Myers v. Liberty Lincoln-Mercury, Inc.

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365 S.E.2d 663 (1988)

Richard S. MYERS and Mary Hoffman Myers v. LIBERTY LINCOLN-MERCURY, INC.

No. 8721DC692.

Court of Appeals of North Carolina.

March 15, 1988.

*664 Leonard, Tanis & Cleland by Robert K. Leonard and Warren C. Hodges, Winston-Salem, for plaintiffs-appellees.

A. Carl Penney, Winston-Salem, for defendant-appellant.


Plaintiffs sued defendant under Chapter 75 of the North Carolina General Statutes for selling them a 1982 model Oldsmobile Firenza automobile that it represented was a 1983 model, and following a trial before Judge Roland H. Hayes without a jury judgment was obtained in the amount of $4,200. The judgment was based upon findings that the 1982 model car plaintiffs bought from defendant was misrepresented as being a 1983 model and was worth $1,400 less than a 1983 model and conclusions of law that defendant's misrepresentation violated G.S. § 75-1, et seq. and the damages should be trebled. The judge's findings of fact, not being excepted to by defendant, are binding upon us, In re Sterling, 63 N.C.App. 562, 305 S.E.2d 769 (1983), and clearly support the conclusion of law that the misrepresentation violated G.S. § 75-1.1.

In seeking to overturn the judgment defendant contends that the record established two defenses to the suit and that other prejudicial errors were made. First, it asserts that the misrepresentation as to the model of the car was not a violation of the Act because it was not intentionally or fraudulently made, but was just a "mistake" by its employees. This contention has no legal basis, since to prevail in a Chapter 75 case, a purchaser of misrepresented merchandise does not have to prove fraud, bad faith or intentional deception as at common law; it is enough that the goods bought were misrepresented, Marshall v. Miller, 302 N.C. 539, 276 S.E.2d 397 (1981), assuming, of course, that the other requisites of the action are proved, about which no question is raised by this appeal. Next, it contends that the action should have been dismissed as a matter of law because a "revised contract" that plaintiffs admittedly signed a few days after the car was bought states that it was a 1982 model. *665 This contention ignores, inter alia, the evidence plaintiffs presented on this point, the prerogative a fact finder has under our jurisprudence to determine the credibility of conflicting evidence, and the court's uncontested findings of fact to the effect that the so-called "revised contract" was a sham. Plaintiffs' evidence with respect to this contention, in substance, was that: About a week after the sale was completed and plaintiffs drove the Firenza away, defendant's agent obtained their signatures to the paper dubbed a "revised contract" not by candidly telling them a mistake had been made as to the model of the car, but by claiming that new papers had to be signed because the monthly payments called for by the original contract had been miscalculated and could not be keyed into the computer; and that plaintiffs did not read the so-called new contract and did not learn until later that the car was not a 1983 model. These are the established facts on this question because the court's unchallenged findings are based thereon; and they certainly do not establish that defendant is entitled as a matter of law to the dismissal of plaintiffs' case.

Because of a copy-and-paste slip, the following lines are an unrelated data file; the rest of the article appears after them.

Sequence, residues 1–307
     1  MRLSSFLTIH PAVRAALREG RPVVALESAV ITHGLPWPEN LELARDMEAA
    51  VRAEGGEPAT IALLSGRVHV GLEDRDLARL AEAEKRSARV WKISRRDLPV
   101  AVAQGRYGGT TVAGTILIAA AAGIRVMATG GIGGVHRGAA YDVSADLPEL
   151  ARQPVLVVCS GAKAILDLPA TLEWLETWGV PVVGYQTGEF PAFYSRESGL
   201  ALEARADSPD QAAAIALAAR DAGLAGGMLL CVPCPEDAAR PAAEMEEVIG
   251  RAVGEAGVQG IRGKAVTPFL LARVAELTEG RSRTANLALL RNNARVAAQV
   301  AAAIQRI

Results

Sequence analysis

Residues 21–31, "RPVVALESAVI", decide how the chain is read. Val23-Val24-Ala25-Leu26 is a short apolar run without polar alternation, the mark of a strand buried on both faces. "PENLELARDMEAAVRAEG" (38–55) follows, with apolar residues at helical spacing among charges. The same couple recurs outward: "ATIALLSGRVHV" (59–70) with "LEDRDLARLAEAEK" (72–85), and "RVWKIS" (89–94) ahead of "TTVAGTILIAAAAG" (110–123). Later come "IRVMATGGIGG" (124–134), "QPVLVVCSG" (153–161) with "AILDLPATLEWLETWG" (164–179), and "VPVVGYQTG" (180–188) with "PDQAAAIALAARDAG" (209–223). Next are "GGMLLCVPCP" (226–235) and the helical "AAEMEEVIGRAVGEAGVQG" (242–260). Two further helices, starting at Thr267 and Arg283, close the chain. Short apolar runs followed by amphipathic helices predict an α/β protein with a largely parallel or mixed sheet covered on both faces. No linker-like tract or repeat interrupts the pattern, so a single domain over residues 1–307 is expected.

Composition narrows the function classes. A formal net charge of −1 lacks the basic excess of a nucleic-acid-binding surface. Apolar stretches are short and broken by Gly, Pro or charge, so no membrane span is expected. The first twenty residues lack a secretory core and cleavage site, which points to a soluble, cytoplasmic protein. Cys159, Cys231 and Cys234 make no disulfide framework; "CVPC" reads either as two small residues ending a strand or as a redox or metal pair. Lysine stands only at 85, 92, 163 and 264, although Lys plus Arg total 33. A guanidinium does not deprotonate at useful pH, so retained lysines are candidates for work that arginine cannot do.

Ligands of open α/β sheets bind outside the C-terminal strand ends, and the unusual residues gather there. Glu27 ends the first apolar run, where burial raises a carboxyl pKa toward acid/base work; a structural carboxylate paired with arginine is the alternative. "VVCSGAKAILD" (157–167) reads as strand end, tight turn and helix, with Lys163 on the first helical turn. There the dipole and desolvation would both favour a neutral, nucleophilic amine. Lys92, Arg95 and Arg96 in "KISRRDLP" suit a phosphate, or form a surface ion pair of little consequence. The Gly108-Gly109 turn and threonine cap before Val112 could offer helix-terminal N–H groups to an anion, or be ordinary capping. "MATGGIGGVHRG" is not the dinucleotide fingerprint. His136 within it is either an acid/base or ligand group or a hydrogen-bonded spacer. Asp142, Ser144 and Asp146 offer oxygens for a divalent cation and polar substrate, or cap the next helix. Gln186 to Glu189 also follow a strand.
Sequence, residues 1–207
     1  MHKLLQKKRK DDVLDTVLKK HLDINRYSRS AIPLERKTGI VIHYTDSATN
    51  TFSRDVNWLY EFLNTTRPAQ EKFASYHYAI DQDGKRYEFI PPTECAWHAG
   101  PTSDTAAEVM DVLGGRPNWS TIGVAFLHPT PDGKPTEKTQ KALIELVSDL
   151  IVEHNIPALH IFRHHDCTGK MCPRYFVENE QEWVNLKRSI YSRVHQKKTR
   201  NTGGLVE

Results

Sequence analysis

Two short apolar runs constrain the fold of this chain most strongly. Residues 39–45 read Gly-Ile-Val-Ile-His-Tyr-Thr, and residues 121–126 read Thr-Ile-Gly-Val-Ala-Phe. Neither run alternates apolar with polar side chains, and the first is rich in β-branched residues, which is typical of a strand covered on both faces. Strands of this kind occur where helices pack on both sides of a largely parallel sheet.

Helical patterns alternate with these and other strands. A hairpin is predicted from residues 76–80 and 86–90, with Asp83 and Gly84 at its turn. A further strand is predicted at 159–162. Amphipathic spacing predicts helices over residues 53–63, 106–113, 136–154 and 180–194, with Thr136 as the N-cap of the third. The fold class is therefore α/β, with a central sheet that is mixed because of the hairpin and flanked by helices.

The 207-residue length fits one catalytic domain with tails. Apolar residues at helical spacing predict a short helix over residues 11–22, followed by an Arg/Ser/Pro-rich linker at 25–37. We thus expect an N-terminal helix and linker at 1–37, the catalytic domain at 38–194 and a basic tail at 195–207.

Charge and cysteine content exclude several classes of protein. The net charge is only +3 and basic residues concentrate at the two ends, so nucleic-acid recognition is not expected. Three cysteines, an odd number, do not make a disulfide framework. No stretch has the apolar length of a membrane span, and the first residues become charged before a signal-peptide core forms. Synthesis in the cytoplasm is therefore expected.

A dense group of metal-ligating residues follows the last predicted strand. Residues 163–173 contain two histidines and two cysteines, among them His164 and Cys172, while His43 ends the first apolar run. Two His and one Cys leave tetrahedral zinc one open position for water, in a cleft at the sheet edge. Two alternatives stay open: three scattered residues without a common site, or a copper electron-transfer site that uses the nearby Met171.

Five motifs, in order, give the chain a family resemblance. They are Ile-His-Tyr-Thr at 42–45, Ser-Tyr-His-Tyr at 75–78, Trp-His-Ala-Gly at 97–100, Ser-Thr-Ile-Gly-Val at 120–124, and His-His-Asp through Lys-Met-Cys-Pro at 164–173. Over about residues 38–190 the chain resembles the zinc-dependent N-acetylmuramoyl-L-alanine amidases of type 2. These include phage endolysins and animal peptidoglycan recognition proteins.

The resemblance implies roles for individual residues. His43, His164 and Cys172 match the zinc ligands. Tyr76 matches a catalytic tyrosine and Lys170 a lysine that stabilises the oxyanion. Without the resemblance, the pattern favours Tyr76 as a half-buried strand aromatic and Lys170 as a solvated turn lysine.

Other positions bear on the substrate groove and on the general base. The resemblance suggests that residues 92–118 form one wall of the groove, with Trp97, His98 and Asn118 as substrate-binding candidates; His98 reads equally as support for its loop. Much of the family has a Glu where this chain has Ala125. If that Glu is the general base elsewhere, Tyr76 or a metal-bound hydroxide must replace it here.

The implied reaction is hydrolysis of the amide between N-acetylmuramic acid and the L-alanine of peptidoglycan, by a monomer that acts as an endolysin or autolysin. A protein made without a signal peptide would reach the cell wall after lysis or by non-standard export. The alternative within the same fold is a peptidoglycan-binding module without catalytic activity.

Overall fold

Defendant's next contention, that the court erred in finding damages based on plaintiff's book value testimony, is supported not by an exception to any finding of fact by the court, but by three exceptions to the admissibility of opinion testimony by plaintiff Richard Myers that the fair market value of the 1982 Firenza was $1,400 less than that of a 1983 Firenza. Thus, the assignment has no proper basis and we overrule it; in doing so we also note that, without objection or exception by defendant, opinions to substantially the same effect were testified to by several other qualified witnesses. Thompson v. James, 80 N.C.App. 535, 342 S.E.2d 577 (1986).

Finally, defendant argues that the trial judge erred in permitting plaintiffs' counsel over its objection to examine defendant's entire file pertaining to the car and case when cross-examining an employee of defendant's who had referred to some documents in the file during direct examination. Since Rule 612, N.C. Rules of Evidence requires the judge to make an in camera examination of papers claimed to be privileged before permitting an adversary to examine them and the judge made no such examination, error was committed. But nothing in the record suggests, much less shows, that the examination of the file produced anything harmful to the defendant or changed the outcome of the case.


JOHNSON and ORR, JJ., concur.

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